[…]

The other issues raised in Defendant’s Order to Show Cause including the 1) motion to dismiss due to a failure to state a cause of action under CPLR 3211, and 2) a motion to vacate the default judgment and allow an answer under CPLR 317 are deemed moot as they are subsumed or deemed irrelevant in light of this court’s decision above. Based on the forgoing, it is

ORDERED that Defendant’s motion to vacate the default judgment and dismiss the action is granted; it is further

ORDERED that Defendant’s motion to have the case dismissed with prejudice due to fraud is denied.

The foregoing constitutes the decision and order of the court.

[…]

[ipaper docId=59328003 access_key=key-118ad3g85p29i38ysxi2 height=600 width=600 /]

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DEUTSCHE BANK TRUST CO. AMERICAS v. PICON | NYSC Vacates JDGMT “ASMT Mortgage from MERS to Plaintiff, under New York law, definitively did not transfer ownership of the Note to Plaintiff”

DEUTSCHE BANK TRUST CO. AMERICAS v. PICON | NYSC Vacates JDGMT “ASMT Mortgage from MERS to Plaintiff, under New York law, definitively did not transfer ownership of the Note to Plaintiff”


[PDF].DEUTSCHE v PICON w RePOST since the content was possibly hacked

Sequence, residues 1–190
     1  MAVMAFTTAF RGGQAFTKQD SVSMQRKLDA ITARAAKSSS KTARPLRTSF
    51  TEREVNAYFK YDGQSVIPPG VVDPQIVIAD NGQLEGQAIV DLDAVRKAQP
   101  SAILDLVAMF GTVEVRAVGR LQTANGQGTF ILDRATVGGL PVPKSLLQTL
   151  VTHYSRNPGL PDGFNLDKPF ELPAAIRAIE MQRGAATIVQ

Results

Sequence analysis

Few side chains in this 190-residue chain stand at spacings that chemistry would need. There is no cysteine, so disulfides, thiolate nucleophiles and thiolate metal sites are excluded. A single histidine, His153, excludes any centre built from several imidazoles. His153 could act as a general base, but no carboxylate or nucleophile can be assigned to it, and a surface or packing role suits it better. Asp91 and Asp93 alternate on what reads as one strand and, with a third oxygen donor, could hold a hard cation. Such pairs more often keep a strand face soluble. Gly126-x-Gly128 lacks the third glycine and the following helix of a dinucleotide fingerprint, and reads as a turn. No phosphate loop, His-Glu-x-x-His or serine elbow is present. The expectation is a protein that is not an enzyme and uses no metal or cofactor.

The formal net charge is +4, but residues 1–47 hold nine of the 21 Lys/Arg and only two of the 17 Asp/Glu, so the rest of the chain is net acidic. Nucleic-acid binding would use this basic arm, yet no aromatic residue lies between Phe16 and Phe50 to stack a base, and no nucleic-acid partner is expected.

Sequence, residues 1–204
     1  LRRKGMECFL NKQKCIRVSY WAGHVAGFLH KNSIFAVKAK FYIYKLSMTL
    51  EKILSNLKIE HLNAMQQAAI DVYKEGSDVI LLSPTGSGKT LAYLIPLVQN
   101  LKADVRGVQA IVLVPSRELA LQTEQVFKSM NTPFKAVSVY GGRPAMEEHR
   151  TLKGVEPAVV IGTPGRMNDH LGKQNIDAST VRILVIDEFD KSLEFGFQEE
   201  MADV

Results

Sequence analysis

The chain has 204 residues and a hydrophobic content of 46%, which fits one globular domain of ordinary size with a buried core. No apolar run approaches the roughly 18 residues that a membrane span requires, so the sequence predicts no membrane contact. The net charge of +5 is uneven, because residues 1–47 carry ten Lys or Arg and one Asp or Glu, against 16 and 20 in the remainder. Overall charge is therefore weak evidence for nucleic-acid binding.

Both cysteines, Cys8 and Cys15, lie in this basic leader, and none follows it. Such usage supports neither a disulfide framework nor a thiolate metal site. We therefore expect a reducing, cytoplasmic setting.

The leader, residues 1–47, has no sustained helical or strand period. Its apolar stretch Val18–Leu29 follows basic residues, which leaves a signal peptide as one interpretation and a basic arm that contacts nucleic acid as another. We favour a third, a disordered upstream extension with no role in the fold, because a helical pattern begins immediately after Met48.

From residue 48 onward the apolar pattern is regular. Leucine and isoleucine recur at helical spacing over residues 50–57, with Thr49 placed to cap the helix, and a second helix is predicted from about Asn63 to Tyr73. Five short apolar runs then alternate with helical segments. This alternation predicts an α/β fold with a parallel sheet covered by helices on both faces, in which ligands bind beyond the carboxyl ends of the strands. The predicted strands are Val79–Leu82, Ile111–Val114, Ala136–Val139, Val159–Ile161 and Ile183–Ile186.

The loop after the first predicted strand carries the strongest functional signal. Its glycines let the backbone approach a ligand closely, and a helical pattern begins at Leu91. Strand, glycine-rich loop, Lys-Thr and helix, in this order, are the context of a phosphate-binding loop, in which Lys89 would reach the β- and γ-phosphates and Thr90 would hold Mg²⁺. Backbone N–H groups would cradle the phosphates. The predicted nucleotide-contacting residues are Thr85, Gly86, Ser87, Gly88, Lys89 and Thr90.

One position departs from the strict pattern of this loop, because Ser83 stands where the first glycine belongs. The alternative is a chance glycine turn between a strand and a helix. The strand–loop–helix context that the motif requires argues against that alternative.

2011 NY Slip Op 31747(U)

DEUTSCHE BANK TRUST COMPANY AMERICAS AS TRUSTEE, 9350 Waxie Way San Diego, CA 92123 Plaintiff,

v.

DANILO PICON, MAGALYS T. PICON, MORTGAGE ELECTRONIC REGISTRATION SYSTEMS, INC., AS NOMINEE FOR FIRST NATIONAL BANK OF ARIZONA, NEW YORK CITY ENVIRONMENTAL CONTROL BOARD, NEW YORK CITY TRANSIT ADJUDICATION BUREAU, NEW YORK STATE DEPARTMENT OF TAXATION AND FINANCE,
JOHN DANIELS, YVETTE “DOE” Defendants.

No. 1070/08, Motion Seq. No. 4.

Supreme Court, Queens County.

June 22, 2011.

BERNICE D. SIEGAL, Judge.

EXCERPT:

Once the issue of standing is raised by the Defendant, the burden is placed on the Plaintiff to prove, as in the instant matter, that it owns the Note underlying the action and the validity of any associated assignment (TPZ Corp. v Dabbs, 25 AD3d 787, 789 [2d Dep’t 2006]). A demonstration by the Plaintiff that it owns the Mortgage, without a showing that it also owns the Note is a nullity and any action for foreclosure based on the ownership of the mortgage alone must fail (Kluge v Fugazy, 145 AD2d 537, 538 [2d Dept 1988]). This result is mandated because the mortgage is “but an incident to the debt which it is intended to secure,” and without more, it provides the holder with no actionable interest on which to commence a foreclosure action (Merritt v Bartholick, 36 NY 44, 45 [1867].

While a written assignment or physical transfer of the Note is sufficient to result in an implicit transfer of an associated Mortgage, an assignment of the Mortgage, without an explicit assignment of the Note, will not result in an assignment of that Note (U.S. Bank, N.A. v Collymore, 68 AD3d 752, 754 [2d Dept 2009]).

In the case before us, Plaintiff only proffers evidence that the mortgage was transferred to the Plaintiff (through MERS, as nominee for Firs National Bank of Arizona [“Arizona”]) via an Assignment of Mortgage dated January 7, 2008. It does not, critically, provide evidence that the Note itself was transferred to the Plaintiff.